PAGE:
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Images I used to save in various sizes in jpeg format have all switched to being saved as much larger file sizes.

My 12x18 Posters are now 25 Megs instead of 11-17Megs the next size down 6x9 has also increased from 6-10 megs per image to a whooping 15 to 18 megs, the 4x6 print files in CMYK also have increased from 5-7megs per image up to 11megs and up instead and finally the one that actually matters since the rest are fine with me is the web sized versions saved at 80-90% jpeg reduction at 72dpi RGB at 600x900 pixels used to only take up 500kb-900kb and now are running 2megs which is unacceptable for web standards.

I have found a work around in Photoshop using the SAVE for WEB option but that adds an extra step and is limited to 675 pixel wide images for some reason... or that also might be a glitch in the matrix. I'm just wondering what happened, was it a recent update to CS6 that did this? I have never experienced this problem before. My son did mess with the computer so not sure if there is a setting in the preferences dialogue that might have changed all this. I checked through to see but didn't see anything that looked like it would do that. I did add some new action sets to Photoshop I don't think that would affect a flattened Jpeg file though.

  • just move the slider. It remembers what you did last time, someone must have maxed the quality. – Yorik Nov 18 '15 at 20:25
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    Save for web is not an extra step, no—it’s just adding an extra key to your key combo (Cmd + Alt + Shift + S on a Mac; presumably Ctrl + Alt + Shift + S on Windows). Save for web gives you much better control over final output size and quality reduction, plus it gives you a live indicator of the final file size in KB. A 600 × 900 px JPEG image that is 900 KB in size can normally be optimised quite a bit still. – Janus Bahs Jacquet Nov 18 '15 at 20:26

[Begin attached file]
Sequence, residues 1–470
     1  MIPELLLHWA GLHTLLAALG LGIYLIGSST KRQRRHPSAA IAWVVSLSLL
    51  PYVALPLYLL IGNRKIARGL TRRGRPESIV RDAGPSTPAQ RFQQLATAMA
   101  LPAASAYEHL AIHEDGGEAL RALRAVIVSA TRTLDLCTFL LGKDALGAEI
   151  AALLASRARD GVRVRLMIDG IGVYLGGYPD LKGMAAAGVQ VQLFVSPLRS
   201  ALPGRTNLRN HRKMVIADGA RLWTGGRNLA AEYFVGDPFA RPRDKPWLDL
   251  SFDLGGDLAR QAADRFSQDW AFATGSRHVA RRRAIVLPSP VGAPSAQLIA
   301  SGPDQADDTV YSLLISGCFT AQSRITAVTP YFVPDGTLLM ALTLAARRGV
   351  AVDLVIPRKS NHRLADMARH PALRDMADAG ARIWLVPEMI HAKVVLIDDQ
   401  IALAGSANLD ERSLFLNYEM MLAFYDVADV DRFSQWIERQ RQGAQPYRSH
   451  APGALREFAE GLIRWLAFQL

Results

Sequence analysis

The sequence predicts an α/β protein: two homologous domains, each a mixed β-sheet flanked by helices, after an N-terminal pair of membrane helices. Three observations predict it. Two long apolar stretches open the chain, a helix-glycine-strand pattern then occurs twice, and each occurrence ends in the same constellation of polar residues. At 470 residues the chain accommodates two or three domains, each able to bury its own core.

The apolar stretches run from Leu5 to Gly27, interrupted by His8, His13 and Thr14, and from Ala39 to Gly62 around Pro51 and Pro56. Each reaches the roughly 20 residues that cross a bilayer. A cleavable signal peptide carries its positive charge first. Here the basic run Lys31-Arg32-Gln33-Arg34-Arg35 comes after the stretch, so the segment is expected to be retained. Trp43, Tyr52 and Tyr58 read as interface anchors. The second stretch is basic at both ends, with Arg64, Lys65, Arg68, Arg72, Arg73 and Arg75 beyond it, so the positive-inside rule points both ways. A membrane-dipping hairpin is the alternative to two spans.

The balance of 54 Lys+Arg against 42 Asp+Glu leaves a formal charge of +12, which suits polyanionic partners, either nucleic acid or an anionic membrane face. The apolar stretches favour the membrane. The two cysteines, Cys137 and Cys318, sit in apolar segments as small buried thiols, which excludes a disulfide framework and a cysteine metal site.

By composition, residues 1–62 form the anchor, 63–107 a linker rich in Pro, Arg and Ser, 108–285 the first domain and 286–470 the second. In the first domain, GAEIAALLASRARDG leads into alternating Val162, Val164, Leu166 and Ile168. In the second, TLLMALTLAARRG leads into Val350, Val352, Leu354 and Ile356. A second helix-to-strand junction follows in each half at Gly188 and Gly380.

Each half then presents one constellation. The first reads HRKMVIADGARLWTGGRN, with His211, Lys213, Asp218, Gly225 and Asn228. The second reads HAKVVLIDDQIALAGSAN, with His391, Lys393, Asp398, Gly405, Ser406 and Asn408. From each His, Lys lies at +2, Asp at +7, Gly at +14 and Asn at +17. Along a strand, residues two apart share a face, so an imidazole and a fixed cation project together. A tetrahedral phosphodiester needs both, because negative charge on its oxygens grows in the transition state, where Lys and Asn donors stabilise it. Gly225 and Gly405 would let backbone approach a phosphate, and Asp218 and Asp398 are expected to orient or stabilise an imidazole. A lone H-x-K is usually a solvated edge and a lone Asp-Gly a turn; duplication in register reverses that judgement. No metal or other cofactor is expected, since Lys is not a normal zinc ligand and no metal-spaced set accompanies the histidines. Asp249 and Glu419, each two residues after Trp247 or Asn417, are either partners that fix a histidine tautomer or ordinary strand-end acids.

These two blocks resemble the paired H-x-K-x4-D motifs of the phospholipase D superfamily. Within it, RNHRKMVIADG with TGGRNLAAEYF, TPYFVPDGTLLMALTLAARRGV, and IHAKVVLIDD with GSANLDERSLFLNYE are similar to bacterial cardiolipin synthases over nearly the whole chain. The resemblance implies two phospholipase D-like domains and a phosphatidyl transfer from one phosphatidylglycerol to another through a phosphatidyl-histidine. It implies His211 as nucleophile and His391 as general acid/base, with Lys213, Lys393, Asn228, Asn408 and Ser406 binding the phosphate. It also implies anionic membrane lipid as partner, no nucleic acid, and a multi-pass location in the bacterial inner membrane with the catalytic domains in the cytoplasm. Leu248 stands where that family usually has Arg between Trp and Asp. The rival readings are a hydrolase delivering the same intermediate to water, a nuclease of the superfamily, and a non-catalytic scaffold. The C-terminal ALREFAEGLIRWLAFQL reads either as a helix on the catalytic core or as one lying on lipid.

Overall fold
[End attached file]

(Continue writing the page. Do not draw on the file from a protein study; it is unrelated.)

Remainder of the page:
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    Save for Web also only does RGB, which might be a problem if OP is looking for CMYK files. – AMontpetit Nov 18 '15 at 20:36
  • Are you positive that your source files aren't a higher resolution now for some reason? – Glenn Randers-Pehrson Nov 19 '15 at 23:03
  • There's also the issue of content. An anime drawing with minimal shading compresses a lot better than a photograph of a hay bale. – Cliff Armstrong Aug 11 '19 at 15:43
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When you chose the JPG format and click save, a window appears. The window asks for the quality level. The better the quality, the larger the file will be.

  • It has nothing to do with maxing out the slider, I mean I used to save at max 10 in CMYK but those file sizes also increased. Sopmething has changed in photoshop itself. and the save as jpeg dialogue always showed a preview of the final file size as well that is where I first noticed the change because the expected sizes were much larger than I am used to expecting for these size files. I've been saving in 12x18, 6x9 and 4x6 cmyk print size for years as standard poster and flyer sizes. I create all flyers in 12x18 then save and shrink to proportionate sizes. Lately all the sizes are larger. – Emir Santana Nov 19 '15 at 6:37
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It is all about color profiles

You can flatten your image and press cntrl+A to select all pixels and ctrl+C to copy them to clipboard

Press Ctrl+N or File/New then in preset detail you have an advanced option for color profile. The "Photoshop 5 Default CMYK" and "Photoshop 4 Default CMYK" are legacy options.

Press Ctrl+v and Save As. This brings you back the old file size compression. They change your color code in RGB but no effect on CMYK,so make sure you do this before you start design and calibrate your monitor*for your chosen profile in compare to prints to get the same result from them.

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